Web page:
CCS is actively monitoring and responding to the recommendations of the Public Health Agency of Canada regarding coronavirus disease (COVID-19).
Diagnosis of fallopian tube cancer
Diagnosis is the process of finding out the cause of a health problem. Diagnosing fallopian tube cancer usually begins with a visit to your family doctor. Your doctor will ask you about any symptoms you have and do a physical exam. Based on this information, your doctor may refer you to a specialist or order tests to check for fallopian tube cancer or other health problems.
The process of diagnosis may seem long and frustrating. It’s normal to worry, but try to remember that other health conditions can cause similar symptoms as fallopian tube cancer. It’s important for the healthcare team to rule out other reasons for a health problem before making a diagnosis of fallopian tube cancer.
The following tests are usually used to rule out or diagnose fallopian tube cancer. Many of the same tests used to diagnose cancer are used to find out the stage (how far the cancer has progressed). Your doctor may also order other tests to check your general health and to help plan your treatment.
Health history and physical exam
Your health history is a record of your symptoms, risk factors and all the medical events and problems you have had in the past. Your doctor will ask questions about your history of:
- symptoms that suggest fallopian tube cancer
- hormone replacement therapy
Your doctor may also ask about a family history of:
- fallopian tube cancer
- risk factors for fallopian tube cancer
- other cancers, such as breast or ovarian
A physical exam allows your doctor to look for any signs of fallopian tube cancer. During a physical exam, your doctor may:
- do a pelvic and rectal exam to check the uterus, vagina, ovaries, fallopian tubes, bladder and rectum for any unusual changes
- feel the abdomen for lumps, bloating or organs that are larger than normal such as the liver
An ultrasound uses high-frequency sound waves to make images of parts of the body. A pelvic or transvaginal ultrasound may be done to look for fallopian tube cancer. With the transvaginal ultrasound, the wand or probe is placed a short distance into the vagina and aimed at the fallopian tubes instead of on the surface of the skin. Ultrasounds are used to:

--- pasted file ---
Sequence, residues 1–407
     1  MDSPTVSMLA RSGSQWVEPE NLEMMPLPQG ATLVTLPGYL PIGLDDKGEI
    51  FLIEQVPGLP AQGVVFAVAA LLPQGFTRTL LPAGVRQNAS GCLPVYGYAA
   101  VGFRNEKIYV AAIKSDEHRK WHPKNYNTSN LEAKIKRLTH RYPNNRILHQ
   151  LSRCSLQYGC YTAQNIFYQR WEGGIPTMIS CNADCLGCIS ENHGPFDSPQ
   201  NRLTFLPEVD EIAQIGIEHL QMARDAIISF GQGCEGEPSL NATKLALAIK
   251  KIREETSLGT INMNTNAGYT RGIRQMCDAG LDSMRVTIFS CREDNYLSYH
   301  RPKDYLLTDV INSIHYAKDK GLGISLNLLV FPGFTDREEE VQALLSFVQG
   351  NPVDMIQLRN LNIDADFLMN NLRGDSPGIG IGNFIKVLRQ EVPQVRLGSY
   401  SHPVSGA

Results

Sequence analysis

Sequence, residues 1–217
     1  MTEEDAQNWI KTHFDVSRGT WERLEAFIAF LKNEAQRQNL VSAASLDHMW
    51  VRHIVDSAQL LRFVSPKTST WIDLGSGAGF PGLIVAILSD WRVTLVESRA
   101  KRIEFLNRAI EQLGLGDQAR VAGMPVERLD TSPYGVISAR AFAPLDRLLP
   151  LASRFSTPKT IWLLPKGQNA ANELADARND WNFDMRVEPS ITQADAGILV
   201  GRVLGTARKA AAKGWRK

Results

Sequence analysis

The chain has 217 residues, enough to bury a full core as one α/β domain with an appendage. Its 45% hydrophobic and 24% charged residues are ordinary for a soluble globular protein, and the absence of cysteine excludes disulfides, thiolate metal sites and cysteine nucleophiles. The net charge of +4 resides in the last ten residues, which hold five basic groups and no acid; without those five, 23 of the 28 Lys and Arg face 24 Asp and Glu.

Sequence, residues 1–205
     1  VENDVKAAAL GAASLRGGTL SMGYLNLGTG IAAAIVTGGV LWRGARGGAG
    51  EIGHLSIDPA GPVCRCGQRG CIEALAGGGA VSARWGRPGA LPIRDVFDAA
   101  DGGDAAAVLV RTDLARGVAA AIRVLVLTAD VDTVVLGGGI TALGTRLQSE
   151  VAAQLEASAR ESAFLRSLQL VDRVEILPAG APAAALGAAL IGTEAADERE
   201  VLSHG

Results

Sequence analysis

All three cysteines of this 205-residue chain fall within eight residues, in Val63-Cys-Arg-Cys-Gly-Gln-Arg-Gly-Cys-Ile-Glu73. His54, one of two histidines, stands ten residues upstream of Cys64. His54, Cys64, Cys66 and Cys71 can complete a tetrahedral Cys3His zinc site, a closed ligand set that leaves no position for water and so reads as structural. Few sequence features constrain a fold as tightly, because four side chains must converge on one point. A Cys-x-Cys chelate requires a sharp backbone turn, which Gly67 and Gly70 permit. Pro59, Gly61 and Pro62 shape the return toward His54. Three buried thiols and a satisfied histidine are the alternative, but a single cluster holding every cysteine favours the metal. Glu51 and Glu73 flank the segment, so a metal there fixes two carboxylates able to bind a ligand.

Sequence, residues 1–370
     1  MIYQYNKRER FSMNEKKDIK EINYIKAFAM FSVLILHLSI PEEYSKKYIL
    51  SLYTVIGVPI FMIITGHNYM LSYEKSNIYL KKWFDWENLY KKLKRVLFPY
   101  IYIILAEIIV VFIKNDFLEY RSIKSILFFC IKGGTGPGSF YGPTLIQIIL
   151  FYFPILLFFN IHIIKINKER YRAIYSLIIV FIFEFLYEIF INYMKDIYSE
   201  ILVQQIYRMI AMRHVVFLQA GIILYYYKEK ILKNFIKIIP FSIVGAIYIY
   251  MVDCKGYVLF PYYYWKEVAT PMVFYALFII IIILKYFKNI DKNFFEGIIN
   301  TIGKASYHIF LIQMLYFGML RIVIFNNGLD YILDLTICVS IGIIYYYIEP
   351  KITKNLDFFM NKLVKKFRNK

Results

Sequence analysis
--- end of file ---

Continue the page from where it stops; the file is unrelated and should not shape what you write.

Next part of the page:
- find a fallopian tumour and see if it is a solid tumour or a fluid-filled cyst
- see the shape and size of the fallopian tube and how it looks inside
- check for a buildup of fluid in the abdomen
Find out more about ultrasounds.
Tumour marker tests
Tumour markers are substances found in the blood, tissues or fluids removed from the body. Tumour marker tests are generally used to check your response to cancer treatment. They can also be used to diagnose fallopian tube cancer. The tumour marker that may be measured is cancer antigen 125 (CA125). The level may be abnormal in women with fallopian tube cancer.
Find out more about tumour marker tests.
Complete blood count (CBC)
A CBC measures the number and quality of white blood cells, red blood cells and platelets. A CBC is done to provide information about your general health, to check for anemia from long-term vaginal bleeding and to provide a baseline to compare with future CBCs during and after treatment.
Find out more about a complete blood count (CBC).
Blood chemistry tests
Blood chemistry tests measure certain chemicals in the blood. They show how well certain organs are functioning and can help find abnormalities. Blood chemistry tests used to diagnose and stage fallopian tube cancer include the following.
Blood urea nitrogen (BUN) and creatinine may be measured to check kidney function. Increased levels may indicate that cancer has spread to the kidneys.